Letters to the Boston editor, April 8, 2011
This letter is in response to your editorial, "Nuclear Failure" (March 18), covering the disaster in Japan. It never fails to amaze me that change always has to be the result of catastrophe. Whether it be Hurricane Katrina, the Indonesian tsunami, or the terrible disaster occurring in Japan, no government officials are ever held accountable with what only can be described as criminal negligence.
The question before the Japanese people is: did your government fail to act in your best interests or was it compromised by self interest? Why must it be accepted that this is business as usual and the way things are done? When did governing stop including responsibility as a part of its makeup? Perhaps the Japanese people need to re-examine the character of its governing officials and put systems in place that prevent this type of negligence from continuing to occur. It is obvious from the revolutions sweeping the Arab nations that leaders chose to squeeze everything they could from their citizens until it was too late. Japan, now it is your turn to make change.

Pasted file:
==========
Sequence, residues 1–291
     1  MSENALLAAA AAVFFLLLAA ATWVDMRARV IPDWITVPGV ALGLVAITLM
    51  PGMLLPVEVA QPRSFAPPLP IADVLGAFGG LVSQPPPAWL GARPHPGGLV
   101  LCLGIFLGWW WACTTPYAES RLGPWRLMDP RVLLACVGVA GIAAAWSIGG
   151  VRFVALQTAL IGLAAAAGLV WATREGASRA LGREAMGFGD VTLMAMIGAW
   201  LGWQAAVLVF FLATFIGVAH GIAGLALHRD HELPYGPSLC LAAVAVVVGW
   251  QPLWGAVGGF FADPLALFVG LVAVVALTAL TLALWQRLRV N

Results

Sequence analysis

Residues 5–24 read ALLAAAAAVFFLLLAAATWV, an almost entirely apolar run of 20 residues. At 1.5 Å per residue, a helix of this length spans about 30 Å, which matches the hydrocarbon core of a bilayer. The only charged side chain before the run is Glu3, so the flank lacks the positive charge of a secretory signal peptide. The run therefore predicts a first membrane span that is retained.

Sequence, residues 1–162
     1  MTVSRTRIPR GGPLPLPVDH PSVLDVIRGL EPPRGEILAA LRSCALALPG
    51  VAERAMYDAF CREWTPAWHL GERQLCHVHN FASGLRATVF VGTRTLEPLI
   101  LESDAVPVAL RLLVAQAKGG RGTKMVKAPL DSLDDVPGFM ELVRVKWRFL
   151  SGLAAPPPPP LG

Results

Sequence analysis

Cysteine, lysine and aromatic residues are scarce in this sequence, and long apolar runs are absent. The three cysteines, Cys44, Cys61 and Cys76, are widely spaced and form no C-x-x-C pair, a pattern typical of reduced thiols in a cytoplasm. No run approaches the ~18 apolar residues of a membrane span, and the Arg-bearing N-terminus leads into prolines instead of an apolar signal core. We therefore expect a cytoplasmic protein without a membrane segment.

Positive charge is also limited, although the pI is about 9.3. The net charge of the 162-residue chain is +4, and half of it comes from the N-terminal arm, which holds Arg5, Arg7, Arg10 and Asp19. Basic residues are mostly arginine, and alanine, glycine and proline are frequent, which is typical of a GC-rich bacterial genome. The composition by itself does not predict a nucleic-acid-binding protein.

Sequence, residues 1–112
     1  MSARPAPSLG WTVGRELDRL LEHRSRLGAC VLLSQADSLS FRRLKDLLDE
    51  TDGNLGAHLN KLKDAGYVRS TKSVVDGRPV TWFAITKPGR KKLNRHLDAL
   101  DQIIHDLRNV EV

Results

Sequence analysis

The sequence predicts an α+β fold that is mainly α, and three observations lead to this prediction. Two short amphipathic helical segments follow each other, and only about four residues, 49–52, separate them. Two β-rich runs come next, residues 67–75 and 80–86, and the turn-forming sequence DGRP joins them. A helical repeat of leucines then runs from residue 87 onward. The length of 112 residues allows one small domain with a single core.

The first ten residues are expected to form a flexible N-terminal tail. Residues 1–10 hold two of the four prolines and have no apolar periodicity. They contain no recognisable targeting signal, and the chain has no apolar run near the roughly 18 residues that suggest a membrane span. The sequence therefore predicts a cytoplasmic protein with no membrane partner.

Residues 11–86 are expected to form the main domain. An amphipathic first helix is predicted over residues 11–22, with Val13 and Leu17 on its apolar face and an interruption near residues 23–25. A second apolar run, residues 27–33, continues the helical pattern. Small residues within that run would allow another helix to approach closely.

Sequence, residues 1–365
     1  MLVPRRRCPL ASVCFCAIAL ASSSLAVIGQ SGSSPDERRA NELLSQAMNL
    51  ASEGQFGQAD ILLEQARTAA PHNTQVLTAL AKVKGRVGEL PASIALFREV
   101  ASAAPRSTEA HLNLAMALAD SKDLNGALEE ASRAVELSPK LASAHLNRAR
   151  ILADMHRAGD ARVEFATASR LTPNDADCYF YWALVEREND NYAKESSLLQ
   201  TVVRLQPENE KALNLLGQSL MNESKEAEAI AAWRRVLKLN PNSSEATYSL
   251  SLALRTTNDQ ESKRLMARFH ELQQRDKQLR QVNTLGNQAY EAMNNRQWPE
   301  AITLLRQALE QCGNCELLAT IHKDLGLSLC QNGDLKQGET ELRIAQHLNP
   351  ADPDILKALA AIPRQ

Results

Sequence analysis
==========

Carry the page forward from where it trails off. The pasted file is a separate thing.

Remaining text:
Just read your marzipan article ("Mission to Marzipan," April 1) on the bus ride home and I felt compelled to drop a note to say how much you nailed it. Wildly funny and so right on. I love me a good meal or a stinky cheese or what have you, but can't I just eat a piece of bacon without making a goddamn statement?
And as far as marzipan goes, it made me think of a bakery where I used to work in my early twenties. There was a Swiss baker who made the most beautiful marzipan goodies and I couldn't help but think, "Too bad it tastes like almond-flavored window-glazing putty." No doubt about it, though, you get the right people talking about it, you could certainly make the Marzipanic of 2011. Shit, we've got to obsess over and quickly discard something — might as well be marzipan!
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